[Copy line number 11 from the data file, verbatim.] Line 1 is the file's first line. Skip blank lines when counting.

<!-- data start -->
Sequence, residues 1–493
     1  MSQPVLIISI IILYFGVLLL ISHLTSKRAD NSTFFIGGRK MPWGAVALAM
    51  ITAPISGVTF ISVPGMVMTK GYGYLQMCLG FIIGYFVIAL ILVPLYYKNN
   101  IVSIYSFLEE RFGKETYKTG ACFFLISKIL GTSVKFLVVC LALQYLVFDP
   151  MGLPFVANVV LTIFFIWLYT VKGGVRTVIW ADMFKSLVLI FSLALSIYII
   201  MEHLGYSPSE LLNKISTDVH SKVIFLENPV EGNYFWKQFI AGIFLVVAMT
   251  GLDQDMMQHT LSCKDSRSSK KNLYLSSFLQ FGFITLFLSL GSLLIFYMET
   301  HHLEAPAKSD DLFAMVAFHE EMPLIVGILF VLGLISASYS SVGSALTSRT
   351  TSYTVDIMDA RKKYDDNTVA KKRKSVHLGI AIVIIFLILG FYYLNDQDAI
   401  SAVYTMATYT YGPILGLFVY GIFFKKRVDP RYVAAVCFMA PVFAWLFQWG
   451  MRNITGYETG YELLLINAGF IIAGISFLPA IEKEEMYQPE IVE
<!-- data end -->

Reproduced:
   451  MRNITGYETG YELLLINAGF IIAGISFLPA IEKEEMYQPE IVE